Good practices for a responsible and sustainable digital

Large companies and SMEs have all the means at their disposal to act and adopt a responsible digital strategy. To do so, they must review or accelerate their processes in the various areas that can have a significant impact on reducing their environmental footprint. It is necessary to implement a global corporate and governance strategy, translated into CSR policies. The purpose of corporate social responsibility is to formalize the contribution of companies to sustainable development issues. Digital technology is part of the scope covered by CSR strategies in several ways, as a tool but also as a vector for improvement. Responsible digital is part of these societal strategies.

Areas for action for a more responsible digital world

To implement a sustainable strategy and responsible digital, the company must act simultaneously on its various departments. To achieve this, it is necessary to conduct a voluntary strategy based on governance and a more responsible purchasing policy. By acting on the user's work environment and the IT department's roadmap, it is possible to implement a more responsible digital environment. This strategy must be carried out without losing sight of the company's performance and employee efficiency objectives.

  • A more involved governance


Implementing a responsible digital policy necessarily involves adapting governance, which must apply a more virtuous strategy, use tools to determine its effectiveness, and relay best practices to the various BUs. Management teams must get involved and put forward quantified objectives and associated budgets.    


  • More responsible purchasing


The company's purchasing policy is just as decisive. Whatever the field, purchasing must establish sustainable and environmental quality criteria both for the choice of service providers and for the products and services purchased. This approach must be applied to all budgets, current purchases, services, equipment purchases, energy supplies, etc., either through direct purchase or through a tender procedure.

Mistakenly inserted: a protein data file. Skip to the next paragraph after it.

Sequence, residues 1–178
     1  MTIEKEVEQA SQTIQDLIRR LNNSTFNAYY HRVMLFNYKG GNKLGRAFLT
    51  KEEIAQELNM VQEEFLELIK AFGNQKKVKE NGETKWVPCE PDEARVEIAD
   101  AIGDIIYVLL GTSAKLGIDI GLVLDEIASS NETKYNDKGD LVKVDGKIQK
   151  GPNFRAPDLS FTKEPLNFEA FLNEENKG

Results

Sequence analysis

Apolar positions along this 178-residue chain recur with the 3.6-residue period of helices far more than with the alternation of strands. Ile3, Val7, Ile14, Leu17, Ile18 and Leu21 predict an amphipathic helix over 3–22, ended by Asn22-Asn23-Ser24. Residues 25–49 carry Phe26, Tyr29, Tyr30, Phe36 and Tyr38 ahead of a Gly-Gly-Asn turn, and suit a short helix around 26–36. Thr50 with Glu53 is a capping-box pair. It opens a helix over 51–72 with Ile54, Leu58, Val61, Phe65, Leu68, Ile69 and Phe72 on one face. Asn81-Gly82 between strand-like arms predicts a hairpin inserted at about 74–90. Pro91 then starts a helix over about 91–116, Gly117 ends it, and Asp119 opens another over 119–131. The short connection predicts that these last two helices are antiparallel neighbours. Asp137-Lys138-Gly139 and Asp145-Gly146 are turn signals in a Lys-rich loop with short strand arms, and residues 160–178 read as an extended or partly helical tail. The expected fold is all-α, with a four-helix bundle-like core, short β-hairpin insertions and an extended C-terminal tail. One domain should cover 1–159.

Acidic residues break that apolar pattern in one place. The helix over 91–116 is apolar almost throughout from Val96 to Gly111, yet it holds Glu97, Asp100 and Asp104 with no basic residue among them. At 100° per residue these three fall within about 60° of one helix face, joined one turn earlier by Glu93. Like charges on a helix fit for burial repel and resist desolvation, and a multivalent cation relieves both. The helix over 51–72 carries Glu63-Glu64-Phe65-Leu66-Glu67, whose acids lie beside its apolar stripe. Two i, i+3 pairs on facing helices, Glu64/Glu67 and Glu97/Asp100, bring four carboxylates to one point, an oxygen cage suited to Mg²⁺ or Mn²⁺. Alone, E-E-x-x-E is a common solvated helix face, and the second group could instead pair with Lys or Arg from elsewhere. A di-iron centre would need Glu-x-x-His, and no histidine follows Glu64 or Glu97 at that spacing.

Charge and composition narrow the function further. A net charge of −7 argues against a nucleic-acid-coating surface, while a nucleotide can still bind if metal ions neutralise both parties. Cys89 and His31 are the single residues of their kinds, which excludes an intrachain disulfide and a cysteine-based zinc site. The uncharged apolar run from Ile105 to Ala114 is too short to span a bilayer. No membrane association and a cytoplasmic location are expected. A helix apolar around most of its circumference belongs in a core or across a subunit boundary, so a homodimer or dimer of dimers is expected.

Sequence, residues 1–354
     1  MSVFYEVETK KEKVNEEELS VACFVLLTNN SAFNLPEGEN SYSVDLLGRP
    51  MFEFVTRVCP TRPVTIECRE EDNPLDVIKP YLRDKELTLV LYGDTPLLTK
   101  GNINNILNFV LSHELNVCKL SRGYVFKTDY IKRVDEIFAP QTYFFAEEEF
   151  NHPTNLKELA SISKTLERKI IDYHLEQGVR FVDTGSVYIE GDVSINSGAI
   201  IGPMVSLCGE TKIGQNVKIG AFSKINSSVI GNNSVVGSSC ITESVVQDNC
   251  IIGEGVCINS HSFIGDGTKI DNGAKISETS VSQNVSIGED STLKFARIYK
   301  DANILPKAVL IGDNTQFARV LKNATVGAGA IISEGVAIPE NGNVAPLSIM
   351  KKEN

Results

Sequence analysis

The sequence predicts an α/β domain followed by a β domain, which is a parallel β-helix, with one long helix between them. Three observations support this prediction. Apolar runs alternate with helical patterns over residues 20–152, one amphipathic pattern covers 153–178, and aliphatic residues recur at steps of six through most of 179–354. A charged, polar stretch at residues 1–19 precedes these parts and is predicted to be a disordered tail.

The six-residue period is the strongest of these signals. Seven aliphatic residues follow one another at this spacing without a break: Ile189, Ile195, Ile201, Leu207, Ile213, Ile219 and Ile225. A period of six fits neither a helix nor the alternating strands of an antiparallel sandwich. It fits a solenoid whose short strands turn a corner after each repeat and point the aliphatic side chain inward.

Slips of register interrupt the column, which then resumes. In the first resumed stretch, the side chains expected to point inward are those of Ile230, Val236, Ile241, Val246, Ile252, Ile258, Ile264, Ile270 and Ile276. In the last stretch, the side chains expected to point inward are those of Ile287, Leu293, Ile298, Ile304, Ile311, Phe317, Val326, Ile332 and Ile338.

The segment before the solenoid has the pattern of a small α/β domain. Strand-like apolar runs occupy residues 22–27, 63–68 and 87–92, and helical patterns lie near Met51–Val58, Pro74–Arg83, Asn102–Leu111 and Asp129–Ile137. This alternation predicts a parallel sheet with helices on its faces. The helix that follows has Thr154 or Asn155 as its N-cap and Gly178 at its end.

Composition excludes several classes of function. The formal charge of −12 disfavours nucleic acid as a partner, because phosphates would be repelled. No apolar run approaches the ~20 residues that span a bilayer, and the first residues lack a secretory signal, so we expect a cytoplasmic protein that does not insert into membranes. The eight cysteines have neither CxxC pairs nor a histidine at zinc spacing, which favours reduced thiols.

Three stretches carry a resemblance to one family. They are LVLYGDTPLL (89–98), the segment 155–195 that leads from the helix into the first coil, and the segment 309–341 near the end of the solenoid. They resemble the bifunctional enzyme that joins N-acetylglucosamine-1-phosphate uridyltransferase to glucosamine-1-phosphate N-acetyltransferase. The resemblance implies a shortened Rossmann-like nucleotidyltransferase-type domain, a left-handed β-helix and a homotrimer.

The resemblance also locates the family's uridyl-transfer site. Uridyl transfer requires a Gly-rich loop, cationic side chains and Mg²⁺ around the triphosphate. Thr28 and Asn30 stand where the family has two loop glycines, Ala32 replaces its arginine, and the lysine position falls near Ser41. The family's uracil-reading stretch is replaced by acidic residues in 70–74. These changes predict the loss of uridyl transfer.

Purchasing has a key role to play in digital procurement, in collaboration with IT departments. They must refine their purchasing strategy according to the technical specifications provided by the IT departments. Thus, depending on the subject, they can upgrade existing equipment (adding memory, changing disks, etc.) to extend their lifespan and buy software on the second-hand market. By making an exhaustive inventory of their hardware and software, they can optimize their purchasing strategy for a more responsible digital.   


  • Durable hardware


The hardware item is certainly the most impactful in terms of environment and budget. It is possible to reduce its footprint by adopting a series of good practices, starting from the definition of a need to determine the necessary resources. The hardware is necessarily linked to the software part, which conditions the hardware profile to be mobilized according to its requirements. The objective of responsible digital technology is to extend the life of IT equipment by controlling the evolution of the software park, updates and the functional needs of users.